The Buzz on Gore's Nobel Peace Prize

By Knickerbocker, Brad | The Christian Science Monitor, October 18, 2007 | Go to article overview
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The Buzz on Gore's Nobel Peace Prize

Knickerbocker, Brad, The Christian Science Monitor

That sound of grinding teeth you hear this week is coming from global-warming skeptics and their fans in the blogosphere.

The reason? Al Gore's Nobel Peace Prize, awarded for his work on climate change.

Mr. Gore's detractors have spent recent days fulminating about the former vice president's award, renewing their dare that he should "debate" prominent skeptics Dennis Avery and Fred Singer. They've also gleefully noted that a British court finds that the Academy Award-winning film "An Inconvenient Truth," which features Gore, contains several scientific errors.

The British court's ruling came on a challenge from a school official who did not want to show the film to students. High Court Judge Michael Burton said that the film is "substantially founded upon scientific research and fact" but that errors were made in "the context of alarmism and exaggeration," according to an ABC News online report. It adds:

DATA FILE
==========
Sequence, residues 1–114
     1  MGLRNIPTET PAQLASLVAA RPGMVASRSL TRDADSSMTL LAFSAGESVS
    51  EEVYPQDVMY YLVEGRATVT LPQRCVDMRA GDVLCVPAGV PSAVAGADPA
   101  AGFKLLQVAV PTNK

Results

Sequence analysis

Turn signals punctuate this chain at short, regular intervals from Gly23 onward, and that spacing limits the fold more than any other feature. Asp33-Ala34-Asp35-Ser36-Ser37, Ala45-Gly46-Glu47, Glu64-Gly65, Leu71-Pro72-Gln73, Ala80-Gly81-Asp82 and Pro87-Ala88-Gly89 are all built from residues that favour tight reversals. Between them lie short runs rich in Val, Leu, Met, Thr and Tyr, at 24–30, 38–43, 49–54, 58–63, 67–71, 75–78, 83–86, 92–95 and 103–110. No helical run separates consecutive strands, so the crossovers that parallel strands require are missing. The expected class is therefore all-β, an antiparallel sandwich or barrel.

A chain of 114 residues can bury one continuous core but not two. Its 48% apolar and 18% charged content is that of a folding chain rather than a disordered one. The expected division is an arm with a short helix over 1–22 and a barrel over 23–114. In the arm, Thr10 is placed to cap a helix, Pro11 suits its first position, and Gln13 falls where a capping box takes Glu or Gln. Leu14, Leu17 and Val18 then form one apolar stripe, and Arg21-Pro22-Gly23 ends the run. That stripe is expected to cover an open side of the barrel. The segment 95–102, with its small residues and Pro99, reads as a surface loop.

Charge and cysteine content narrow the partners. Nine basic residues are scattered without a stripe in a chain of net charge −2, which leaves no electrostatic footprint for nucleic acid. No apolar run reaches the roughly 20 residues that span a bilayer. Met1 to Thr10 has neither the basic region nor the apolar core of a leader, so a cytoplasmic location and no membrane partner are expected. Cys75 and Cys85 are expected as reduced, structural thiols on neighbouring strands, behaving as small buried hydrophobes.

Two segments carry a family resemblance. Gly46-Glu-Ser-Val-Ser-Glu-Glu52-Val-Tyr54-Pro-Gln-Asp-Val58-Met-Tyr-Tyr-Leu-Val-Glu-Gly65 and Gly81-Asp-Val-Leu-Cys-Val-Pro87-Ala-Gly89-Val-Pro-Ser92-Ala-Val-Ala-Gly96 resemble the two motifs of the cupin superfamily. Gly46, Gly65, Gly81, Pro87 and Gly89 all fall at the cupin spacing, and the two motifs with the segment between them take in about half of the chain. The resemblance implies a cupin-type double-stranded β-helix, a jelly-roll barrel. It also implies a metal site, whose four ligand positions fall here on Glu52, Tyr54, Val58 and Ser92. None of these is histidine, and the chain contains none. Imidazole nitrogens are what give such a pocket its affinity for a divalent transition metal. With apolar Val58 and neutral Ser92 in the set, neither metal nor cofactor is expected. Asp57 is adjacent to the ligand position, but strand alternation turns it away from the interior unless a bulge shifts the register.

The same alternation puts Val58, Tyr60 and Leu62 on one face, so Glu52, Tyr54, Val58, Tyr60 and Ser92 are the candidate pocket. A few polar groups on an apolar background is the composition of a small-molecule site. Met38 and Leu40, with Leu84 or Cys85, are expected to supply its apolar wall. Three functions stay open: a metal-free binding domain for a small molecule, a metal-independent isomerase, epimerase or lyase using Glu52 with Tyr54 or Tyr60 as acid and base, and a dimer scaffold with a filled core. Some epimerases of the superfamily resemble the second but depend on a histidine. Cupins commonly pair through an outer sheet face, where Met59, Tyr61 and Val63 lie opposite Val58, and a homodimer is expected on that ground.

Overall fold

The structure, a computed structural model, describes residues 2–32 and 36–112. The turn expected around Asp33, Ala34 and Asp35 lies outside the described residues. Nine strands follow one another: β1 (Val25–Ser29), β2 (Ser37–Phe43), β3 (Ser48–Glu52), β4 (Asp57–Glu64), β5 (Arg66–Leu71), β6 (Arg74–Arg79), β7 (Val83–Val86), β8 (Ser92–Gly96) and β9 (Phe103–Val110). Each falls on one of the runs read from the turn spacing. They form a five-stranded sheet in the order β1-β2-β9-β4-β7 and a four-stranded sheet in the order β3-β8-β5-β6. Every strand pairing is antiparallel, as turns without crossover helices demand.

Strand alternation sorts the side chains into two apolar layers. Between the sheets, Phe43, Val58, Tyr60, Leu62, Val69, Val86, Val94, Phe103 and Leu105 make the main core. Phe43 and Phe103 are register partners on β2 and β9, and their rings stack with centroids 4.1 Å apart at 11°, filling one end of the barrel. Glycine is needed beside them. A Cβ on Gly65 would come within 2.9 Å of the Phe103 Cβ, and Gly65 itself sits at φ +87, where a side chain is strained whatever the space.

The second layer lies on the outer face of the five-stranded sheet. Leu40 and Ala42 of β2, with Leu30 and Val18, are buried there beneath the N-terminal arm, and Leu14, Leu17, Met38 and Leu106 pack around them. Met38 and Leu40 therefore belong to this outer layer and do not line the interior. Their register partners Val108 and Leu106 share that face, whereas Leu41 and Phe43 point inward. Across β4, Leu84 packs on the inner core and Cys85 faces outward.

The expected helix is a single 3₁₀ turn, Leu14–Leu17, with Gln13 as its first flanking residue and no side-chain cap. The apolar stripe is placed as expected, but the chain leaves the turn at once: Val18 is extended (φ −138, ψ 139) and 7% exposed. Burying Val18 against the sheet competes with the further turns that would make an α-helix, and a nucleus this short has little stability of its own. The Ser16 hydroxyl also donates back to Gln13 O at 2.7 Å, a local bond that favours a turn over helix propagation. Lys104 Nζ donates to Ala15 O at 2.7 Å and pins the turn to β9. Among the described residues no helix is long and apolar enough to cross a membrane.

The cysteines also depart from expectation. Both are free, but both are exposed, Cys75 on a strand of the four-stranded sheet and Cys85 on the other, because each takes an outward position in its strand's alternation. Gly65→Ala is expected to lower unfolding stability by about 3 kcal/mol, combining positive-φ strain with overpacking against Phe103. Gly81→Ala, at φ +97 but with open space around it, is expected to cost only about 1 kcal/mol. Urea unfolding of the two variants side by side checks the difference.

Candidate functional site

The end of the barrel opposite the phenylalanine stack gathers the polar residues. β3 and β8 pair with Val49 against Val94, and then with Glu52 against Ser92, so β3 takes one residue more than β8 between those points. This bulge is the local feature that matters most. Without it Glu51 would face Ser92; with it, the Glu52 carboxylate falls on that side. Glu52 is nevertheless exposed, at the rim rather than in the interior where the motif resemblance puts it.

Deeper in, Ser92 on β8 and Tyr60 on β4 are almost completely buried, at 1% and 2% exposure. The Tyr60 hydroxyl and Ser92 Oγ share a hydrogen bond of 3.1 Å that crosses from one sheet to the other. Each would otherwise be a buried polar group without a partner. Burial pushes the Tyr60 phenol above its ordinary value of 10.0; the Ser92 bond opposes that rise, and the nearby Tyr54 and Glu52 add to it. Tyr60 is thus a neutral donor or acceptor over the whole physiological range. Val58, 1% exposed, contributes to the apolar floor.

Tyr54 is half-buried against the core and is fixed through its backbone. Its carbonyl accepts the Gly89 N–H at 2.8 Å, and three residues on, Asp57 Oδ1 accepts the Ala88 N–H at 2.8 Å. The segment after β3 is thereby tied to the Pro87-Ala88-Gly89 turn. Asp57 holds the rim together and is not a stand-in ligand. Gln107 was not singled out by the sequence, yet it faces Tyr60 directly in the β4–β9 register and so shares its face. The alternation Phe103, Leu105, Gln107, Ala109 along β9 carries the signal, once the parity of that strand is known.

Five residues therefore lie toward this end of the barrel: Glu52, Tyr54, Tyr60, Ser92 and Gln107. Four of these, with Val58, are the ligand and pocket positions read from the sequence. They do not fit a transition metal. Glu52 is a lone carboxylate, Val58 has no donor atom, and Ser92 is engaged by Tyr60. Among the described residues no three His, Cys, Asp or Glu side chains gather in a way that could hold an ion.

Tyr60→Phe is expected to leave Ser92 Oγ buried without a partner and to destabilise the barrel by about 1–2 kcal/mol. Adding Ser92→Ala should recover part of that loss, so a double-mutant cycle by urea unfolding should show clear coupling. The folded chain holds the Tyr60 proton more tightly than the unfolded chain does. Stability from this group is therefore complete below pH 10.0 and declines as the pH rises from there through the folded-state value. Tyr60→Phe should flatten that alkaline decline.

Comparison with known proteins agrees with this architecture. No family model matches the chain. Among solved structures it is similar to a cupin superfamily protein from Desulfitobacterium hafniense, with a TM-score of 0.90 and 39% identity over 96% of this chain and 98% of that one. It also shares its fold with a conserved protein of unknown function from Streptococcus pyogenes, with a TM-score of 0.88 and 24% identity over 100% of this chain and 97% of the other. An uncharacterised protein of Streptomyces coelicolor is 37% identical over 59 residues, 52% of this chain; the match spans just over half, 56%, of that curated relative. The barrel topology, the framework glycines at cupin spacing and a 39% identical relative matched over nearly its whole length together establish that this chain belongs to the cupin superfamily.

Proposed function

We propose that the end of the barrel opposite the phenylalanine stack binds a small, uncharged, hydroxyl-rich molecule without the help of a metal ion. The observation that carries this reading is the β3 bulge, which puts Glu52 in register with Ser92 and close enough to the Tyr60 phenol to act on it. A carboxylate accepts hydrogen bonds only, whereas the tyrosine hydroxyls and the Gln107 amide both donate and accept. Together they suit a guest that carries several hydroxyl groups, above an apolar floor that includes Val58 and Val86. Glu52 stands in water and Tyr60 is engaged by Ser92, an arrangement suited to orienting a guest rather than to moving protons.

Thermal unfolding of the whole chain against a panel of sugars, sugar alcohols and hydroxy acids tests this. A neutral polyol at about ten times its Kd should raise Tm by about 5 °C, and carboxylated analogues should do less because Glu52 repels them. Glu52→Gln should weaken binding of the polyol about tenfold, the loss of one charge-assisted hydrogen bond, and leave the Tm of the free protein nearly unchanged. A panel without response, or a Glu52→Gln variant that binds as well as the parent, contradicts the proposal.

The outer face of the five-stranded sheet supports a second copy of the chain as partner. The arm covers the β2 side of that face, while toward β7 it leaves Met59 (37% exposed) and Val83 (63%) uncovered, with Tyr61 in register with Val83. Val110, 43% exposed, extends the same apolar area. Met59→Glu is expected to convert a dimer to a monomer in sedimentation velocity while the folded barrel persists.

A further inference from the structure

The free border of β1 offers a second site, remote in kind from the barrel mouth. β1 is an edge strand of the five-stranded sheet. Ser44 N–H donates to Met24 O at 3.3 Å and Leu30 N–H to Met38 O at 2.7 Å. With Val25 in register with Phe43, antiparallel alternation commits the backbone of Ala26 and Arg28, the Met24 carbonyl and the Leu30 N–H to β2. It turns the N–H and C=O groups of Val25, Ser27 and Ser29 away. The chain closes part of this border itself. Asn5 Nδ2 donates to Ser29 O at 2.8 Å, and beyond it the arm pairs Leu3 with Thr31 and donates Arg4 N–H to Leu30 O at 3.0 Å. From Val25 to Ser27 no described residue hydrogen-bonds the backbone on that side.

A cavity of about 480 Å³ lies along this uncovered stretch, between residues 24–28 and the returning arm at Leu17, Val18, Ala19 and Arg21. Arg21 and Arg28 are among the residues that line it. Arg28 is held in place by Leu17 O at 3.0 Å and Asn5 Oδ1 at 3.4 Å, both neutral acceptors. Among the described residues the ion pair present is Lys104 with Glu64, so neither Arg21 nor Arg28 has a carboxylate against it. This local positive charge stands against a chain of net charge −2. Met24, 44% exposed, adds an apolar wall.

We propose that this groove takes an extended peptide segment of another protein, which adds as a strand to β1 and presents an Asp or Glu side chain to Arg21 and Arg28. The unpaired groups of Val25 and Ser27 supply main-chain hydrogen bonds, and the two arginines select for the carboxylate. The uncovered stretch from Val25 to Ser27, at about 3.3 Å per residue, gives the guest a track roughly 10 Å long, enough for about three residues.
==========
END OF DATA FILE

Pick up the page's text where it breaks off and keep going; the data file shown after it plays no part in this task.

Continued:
"Burton found that screening the film in British secondary schools violated laws barring the promotion of partisan political views in the classroom. But he allowed the film to be shown on the condition that it is accompanied by guidance notes to balance Gore's 'one-sided' views, saying that the film's 'apocalyptic vision' was not an impartial analysis of climate change."

In the British online journal Spiked, editor Brendan O'Neill says this reveals an environmental campaign that is "political and moralistic ... based on misanthropic ideas about human activity and on demands for ... the rewiring of people's expectations and desires." The Gore critic adds:

"Environmentalists have a narrow view indeed of what constitutes 'the truth'. They treat truth as something which is revealed to the public by scientists in a laboratory, which apparently green activists are allowed to exaggerate every now and then. "

In National Review online, American Enterprise Institute scholar Steven Hayward says, "Parson Al winning the Nobel Peace Prize ... represents the final debasement of a once-prestigious award." He continues:

"The Nobel will be one more quiver in Gore's arsenal of intransigent moral authority by which he refuses to debate any aspect of the subject and declares the entire matter 'settled.' It is ... problematic to suggest that climate change is not a political issue, but a moral issue, but then to demand massive political interventions in the economy to fix the problem."

But liberal analysts are pushing back.

"What is it about Mr. Gore that drives right-wingers insane?" asks New York Times columnist Paul Krugman.

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